Everything has its limit and I obviously found the one of my front fork system in Death Valley (see post here http://www.sauerkraut-tofuwurst.com/2014/12/drama-in-death-valley-wolfi-trashed-his.html) on the racetrack valley. If you follow up the posts you will see that afterwards I strengthened the trailing arm. In hindsight the metal piece could have been even longer going much more towards the bike and supporting the trailing arm even more. I think that this is a cheap and good enough solution for that problem. Let it powder-coat and it will even look nice (I think one sidecar builder wanted 5000USD for their custom-made stainless-steel trailing arm replacement but that is a rip-off IMHO, also s.a.). Of course you need to replace the front shock with something solid. I am not sure if I have pics about my solution but I can check if you want more info.

The broken ball-joint (in Mexico) has IMO nothing to do with the broken trailing arm (because it was anyway another ball-joint and many thousands of km later). Either I installed the ball-joint wrong or most likely it went broken when I destroyed my rear shock on one of those famous "topes".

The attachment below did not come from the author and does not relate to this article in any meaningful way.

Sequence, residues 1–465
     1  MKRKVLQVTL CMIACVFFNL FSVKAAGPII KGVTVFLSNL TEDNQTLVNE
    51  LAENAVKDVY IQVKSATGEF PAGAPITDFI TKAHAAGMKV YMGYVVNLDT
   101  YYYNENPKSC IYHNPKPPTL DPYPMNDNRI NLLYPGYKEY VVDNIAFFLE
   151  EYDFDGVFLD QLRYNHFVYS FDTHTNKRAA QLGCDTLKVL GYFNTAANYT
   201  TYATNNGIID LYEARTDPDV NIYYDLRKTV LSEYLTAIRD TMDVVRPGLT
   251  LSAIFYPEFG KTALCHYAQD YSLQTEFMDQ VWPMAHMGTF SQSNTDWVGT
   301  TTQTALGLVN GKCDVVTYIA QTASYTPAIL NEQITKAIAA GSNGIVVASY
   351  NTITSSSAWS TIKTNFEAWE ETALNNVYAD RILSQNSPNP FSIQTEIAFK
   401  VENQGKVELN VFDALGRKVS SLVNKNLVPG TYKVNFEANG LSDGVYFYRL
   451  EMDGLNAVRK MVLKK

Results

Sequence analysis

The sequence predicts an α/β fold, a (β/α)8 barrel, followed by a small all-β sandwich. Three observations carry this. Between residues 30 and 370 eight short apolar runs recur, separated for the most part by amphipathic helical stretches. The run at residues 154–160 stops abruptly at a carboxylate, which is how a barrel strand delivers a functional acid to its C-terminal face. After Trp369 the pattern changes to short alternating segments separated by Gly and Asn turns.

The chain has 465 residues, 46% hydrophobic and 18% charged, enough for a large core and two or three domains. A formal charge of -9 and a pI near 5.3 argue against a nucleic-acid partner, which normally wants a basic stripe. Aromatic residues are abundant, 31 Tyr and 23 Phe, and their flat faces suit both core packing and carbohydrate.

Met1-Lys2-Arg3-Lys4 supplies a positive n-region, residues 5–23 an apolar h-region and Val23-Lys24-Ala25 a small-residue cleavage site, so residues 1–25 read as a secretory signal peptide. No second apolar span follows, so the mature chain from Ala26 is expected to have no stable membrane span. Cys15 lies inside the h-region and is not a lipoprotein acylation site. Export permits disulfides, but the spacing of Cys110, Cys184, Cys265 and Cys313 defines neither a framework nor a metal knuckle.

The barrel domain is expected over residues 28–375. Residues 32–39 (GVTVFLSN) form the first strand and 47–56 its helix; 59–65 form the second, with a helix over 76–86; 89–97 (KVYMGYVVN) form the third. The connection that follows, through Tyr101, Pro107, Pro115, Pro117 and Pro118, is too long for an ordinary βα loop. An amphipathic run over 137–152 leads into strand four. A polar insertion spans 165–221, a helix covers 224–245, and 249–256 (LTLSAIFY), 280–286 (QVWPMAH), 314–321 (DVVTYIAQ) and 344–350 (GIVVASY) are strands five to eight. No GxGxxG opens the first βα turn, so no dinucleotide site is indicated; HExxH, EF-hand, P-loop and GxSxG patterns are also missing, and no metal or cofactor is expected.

That brings me to your next question:
Sidecar pros and cons. I assume you have your reasons to ride a sidecar instead of a solo bike. I know sidecar riding is fun but so is solo bike. Well, here are a few thoughts.

It's fun.
You will be a totally exotic thing which means plenty of honking, waving, blinking lights, admiration.
People will come to you and start talking (better know some Spanish).
Food shopping is easy (try to get 5 gallon water barrel on a solo bike AND the groceries).
You can take your dogs/kids with and they travel safer compared to a solo bike.
You cannot fall on those bad gravel roads (ok, not so easily).
You will not be that tight on luggage space and weight.
Knock on wood - I doubt anybody will steal your sidecar. Its more the kids who like to fiddle.
You can invite people for a fun ride in the sidecar and make plenty of friends.
You have space to rescue and adopt a dog or cat or two (per sidecar).
More fun on snowy and icy streets with studs on the tires (however that fully depends on the time of your travel and might not be applicable at all in your case).


You will be a totally exotic thing which means plenty of honking, waving, blinking lights, admiration.